I love the sound of ribbon microphones, and I put one in front of a guitar amp nearly every time I record one. I ran across the Samar Audio Design AL95 online, and after reading about it, I had to check it out. When I first received the box sent for review, it was so light I thought the contents were missing. To my relief, I found a pair of mics and mounting clips inside a lightweight plastic case, perfectly suited for transporting the mics between studios or for storage. The AL95 passive figure-8 ribbon mic is only about the size of a typical small diaphragm condenser, which surprised me, as every other ribbon mic I have is much larger! The included mic clips fit so tightly that I was almost afraid of damaging the mics, but SAMAR claims the tight fit helps to reduce body vibrations – there is an instructional video on the company’s Facebook page. Still, I opted to use a couple of my own generic spring-loaded clips instead, and they worked just fine.

The AL95s are built in the company’s Salt Lake City, Utah, shop, and they look and feel solid! Besides their compact size and light weight, the other thing that stands out about the AL95 is its sleek silver grill against an anodized black body with a white fiber laser engraved logo. The ribbon motor magnets are attached to a nickel-plated frame that is visible along the left and right edges, but there are no “wings” (à la Royer Labs’ R-121 [Tape Op #19]).

Ribbon microphones have a few simple parts. There is typically a very thin, corrugated aluminum foil strip (or ribbon) suspended between two magnets. It picks up vibrations (from sound) and moves within the magnetic field, creating a low-level electrical signal. A step-up transformer is used to bring the signal to typical mic output level (and match the low ribbon impedance with the input impedance of a modern preamp). From there it’s connected to a standard mic preamp (passive ribbons like the AL95 will require more gain than dynamic or condenser mic).

Those who have owned a ribbon mic may be familiar with the term “ribbon sag.” The horizontal corrugations can stretch over time, especially if the ribbon motor is stored horizontally, which can affect the sound. The AL95 is different than many typical designs in that it uses a piston-style construction for its large scale 1/4-inch by 1.5-inch ribbon. This means that the corrugations are mostly vertical, although three horizontal ridges on each side (top and bottom, leaving the middle part stiff and rigid) are still required to allow the ribbon to move correctly. SAMAR Audio Design says the advantages to this style of construction are high SPL handling, lower noise, and more accurate and controlled low end response. Because of SAMAR’s zig-zag corrugation method, the AL95 does not require the mic to be stored vertically to avoid the “sag.”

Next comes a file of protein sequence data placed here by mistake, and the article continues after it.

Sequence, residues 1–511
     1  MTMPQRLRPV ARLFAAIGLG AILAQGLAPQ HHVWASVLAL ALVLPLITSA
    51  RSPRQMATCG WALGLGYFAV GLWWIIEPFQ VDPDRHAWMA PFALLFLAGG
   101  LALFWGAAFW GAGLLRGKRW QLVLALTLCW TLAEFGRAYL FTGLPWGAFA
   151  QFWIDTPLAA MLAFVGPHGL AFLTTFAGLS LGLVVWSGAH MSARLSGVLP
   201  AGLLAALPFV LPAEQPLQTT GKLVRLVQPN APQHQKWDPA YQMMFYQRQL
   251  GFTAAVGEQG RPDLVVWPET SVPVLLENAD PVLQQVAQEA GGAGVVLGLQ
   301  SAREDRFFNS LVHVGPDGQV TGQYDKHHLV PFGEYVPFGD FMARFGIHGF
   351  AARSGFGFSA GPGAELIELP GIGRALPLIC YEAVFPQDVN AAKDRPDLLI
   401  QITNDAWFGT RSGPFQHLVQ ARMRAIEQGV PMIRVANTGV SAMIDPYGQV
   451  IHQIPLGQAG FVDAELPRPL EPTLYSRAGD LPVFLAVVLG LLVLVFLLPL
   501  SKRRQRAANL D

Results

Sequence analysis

I first tried an AL95 on shaker and tambourine, and the smooth transients were as I would expect from a quality ribbon mic. Next, I tracked drums and used the pair as overhead mics – they sounded excellent! The toms and snare reproduced naturally, and the cymbals were smooth, even when boosting the high end. The bottom end was tight and not as tubby sounding as some ribbons I’ve tried in this application.

Next, I placed one about four inches in front of a combo guitar amp. Once again, it brought out the lovely midrange tones of the amp without sounding harsh. The top end was smooth, and the bottom end was perfect, even at high volume. I decided to try the AL95s as a stereo pair on acoustic guitar with a singer-songwriter. I had recorded this guitar in the past and found it to be bright. The AL95s tamed that brightness and sounded fantastic! On playback, the player said, “Wow, it’s so clear. It sounds like it does right in the room!” I love discovering excellent new gear, but now I need to check my bank account. I don’t want to send these back!

Tape Op is a bi-monthly magazine devoted to the art of record making.

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